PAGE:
The self-help guru and hypnotist discusses finding positivity in a pandemic and tackling his own mental health issues after the loss of his father. By Hannah Stephenson
Self-help legend, friend-to-the-stars, hypnotist and entertainer Paul McKenna has spent years trying to make people sleep/happy/rich/thin, even offering up a weight loss system through a hypnotic gastric band, in his raft of bestselling books.
More than 15 million of his self-help guides have been sold and now he has plugged into the pandemic zeitgeist with his new tome Positivity, which he says offers a ‘psychological vaccine’.
The book features techniques on to how to help people build confidence, become more optimistic and feel motivated, accompanied by an audio download in which he puts readers into a hypnotic trance to help them achieve that mindset.
Personally, he and his wife, Kate, implemented various strategies to help them cope with lockdown. Exercise (he bought some gym equipment for one of their rooms in their London home), gratitude lists every day, refraining from watching the news all day and learning to cook helped him through, he observes.
McKenna, 58, who counts training NHS staff in hypnotherapy as one of his myriad involvements with the technique, has come a long way since his early entertainment career, when he used hypnotism to persuade volunteers from a studio audience to believe – and behave – as if they were doing things like treading on hot coals or riding horses.
That was decades ago and he has long since become much more serious about the trade which has made him a multimillionaire, holding masterclasses and motivational events, researching new techniques and psychological technology.
While he may be able to help the masses with their various psychological problems, McKenna has not always found himself in good mental health, he admits, and has had to do a fair bit of work on himself, most notably when his father Bill, a building contractor, died 10 years ago.
“I got quite depressed when my father died. I was working a lot with people with PTSD, depression, suicidal people, and did a little bit too much of that work and got infected with that mindset. For a while I was really in a bad place and didn’t know how to go on,” he recalls.
“Fortunately, I’ve got a lot of very good friends who rang me up and were there for me. But when you’re depressed, you don’t want anybody to tell you to cheer up. It’s a very dangerous place to be. Eventually I found my way back from the edge of the abyss.”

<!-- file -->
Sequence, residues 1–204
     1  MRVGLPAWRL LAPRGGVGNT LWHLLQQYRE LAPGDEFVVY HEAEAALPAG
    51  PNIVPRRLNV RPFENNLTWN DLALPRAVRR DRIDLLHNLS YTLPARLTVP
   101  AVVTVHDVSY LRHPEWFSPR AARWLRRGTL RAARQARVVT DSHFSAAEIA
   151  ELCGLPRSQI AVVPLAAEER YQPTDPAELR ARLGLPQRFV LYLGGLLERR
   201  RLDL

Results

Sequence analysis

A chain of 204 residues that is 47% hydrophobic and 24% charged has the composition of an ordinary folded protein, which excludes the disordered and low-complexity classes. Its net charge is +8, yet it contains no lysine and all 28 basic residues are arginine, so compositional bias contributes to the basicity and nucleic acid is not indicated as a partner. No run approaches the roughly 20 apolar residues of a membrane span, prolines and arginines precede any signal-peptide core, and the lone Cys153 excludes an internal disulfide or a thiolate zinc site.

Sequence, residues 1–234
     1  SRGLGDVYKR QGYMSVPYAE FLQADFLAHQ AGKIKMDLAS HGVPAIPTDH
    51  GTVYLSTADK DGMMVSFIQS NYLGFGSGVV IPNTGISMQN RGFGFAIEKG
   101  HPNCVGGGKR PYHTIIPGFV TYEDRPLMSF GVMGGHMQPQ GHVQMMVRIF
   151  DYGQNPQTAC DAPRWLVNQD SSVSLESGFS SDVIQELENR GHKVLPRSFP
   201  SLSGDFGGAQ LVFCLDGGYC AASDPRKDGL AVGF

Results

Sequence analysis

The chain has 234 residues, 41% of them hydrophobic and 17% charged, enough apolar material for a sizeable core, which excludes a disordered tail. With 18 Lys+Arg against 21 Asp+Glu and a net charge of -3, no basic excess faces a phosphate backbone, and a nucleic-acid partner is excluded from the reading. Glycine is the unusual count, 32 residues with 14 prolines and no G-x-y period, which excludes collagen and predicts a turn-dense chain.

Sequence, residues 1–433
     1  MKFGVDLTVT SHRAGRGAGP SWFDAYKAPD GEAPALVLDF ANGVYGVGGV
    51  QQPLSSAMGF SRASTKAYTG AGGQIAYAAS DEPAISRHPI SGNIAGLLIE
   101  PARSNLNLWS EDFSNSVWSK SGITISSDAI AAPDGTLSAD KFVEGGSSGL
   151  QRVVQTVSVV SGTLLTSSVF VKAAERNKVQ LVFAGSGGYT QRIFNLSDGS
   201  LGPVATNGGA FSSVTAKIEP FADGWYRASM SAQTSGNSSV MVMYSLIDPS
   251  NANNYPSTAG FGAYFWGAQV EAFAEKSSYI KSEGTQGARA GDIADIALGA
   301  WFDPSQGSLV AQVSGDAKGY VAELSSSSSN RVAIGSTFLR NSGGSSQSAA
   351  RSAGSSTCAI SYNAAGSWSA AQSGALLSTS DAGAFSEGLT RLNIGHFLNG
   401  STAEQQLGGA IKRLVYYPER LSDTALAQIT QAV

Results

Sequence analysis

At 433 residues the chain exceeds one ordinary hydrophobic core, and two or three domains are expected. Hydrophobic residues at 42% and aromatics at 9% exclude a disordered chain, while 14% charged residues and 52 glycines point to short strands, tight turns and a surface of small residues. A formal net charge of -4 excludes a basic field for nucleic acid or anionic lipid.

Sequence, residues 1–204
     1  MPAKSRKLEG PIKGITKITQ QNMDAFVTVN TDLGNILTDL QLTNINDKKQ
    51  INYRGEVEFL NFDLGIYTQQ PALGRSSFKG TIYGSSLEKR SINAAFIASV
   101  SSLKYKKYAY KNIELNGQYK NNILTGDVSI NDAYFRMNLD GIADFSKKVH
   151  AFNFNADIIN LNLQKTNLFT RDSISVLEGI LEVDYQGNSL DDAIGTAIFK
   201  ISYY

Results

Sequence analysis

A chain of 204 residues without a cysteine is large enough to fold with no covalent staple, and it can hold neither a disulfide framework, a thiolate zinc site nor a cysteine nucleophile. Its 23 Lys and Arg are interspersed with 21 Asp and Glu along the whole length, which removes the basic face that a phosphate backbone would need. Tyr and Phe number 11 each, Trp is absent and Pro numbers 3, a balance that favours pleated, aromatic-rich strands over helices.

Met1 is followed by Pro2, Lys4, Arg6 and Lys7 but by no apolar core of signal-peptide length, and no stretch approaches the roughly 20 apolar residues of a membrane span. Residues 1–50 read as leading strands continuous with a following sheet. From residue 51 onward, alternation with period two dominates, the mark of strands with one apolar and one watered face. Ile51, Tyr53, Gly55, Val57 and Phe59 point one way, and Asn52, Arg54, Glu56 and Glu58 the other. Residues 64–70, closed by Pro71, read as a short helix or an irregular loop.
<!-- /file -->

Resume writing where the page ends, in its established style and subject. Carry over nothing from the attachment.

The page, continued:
With the support of his friends, he says he began to see how he was making himself miserable.
“When my father died, I couldn’t understand how the overwhelming grief seemed like it was going to go on forever. I analysed my own thinking. I was thinking continually about the last few months of his life – the hospital, just the awfulness of it. Of course that was going to make me sad.”
Then, realisation struck.
“Hang on! He lived 84 years that were great! I’m going to stop that movie, shrink it down, make it black and white, send it away and bring in happy times, memories of us playing football, watching movies together, him giving me some encouraging advice.”
He recalibrated his brain to think about the good times and didn’t seek therapy during that period, he says, although he called friends who were good listeners.
“I made my journey back from a bad place, but not overnight. Two steps forward, one step back sometimes. Since I’ve done that I’m much better at helping people who are depressed because I’ve seen the world through their eyes. Being broken like that allowed me to fix other people.”
An awkward schoolboy from Enfield, McKenna began DJing in Topshop at Oxford Circus, London, on leaving school and went on to work for Capital Radio, where he interviewed a hypnotist who fuelled his interest in the field. The rest is history.
He married his PA, Kate Davey, five years ago after creating an Excel spreadsheet in which he entered names of all the possibles he might end up with. Kate’s name came at the top. They had known each other for 20 years but had never been romantically involved. At first, he didn’t do anything with the information.
“Then one night, Kate and I had a couple of glasses of red wine and I said to her, ‘Tell me something about you that I don’t know’, and she said, ‘I love you’.”
They moved back to England a few years ago after “10 glorious years” in Los Angeles.
“I loved it. I’m a very social creature. Being in a town of over-achievers was fantastic. It was a time when Brit TV was cool, so you had Simon Cowell, Piers Morgan, Hugh Laurie, a Brit invasion for a few years and we had a terrific time, all living a few streets away.”
He left when he realised that most of his really true friends were in the UK and Europe.
Never one to stay still for long, he is embarking on a Positivity tour in March, which he describes as an “evangelists’ rally without the religion”, like a mass coaching session for 500 people.
He’d like another TV show of his own, but it has to be the right kind of show, he observes.
“I get offered all sorts of stupid shows, the reality, the jungle, the dancing show, which I’ve no interest in doing at all. I moved from entertainment to factual, then to self-help. I do a psychological interview podcast, which I think could work on television.”
Positivity: Confidence, Resilience, Motivation by Paul McKenna, Welbeck, £14.99 is available now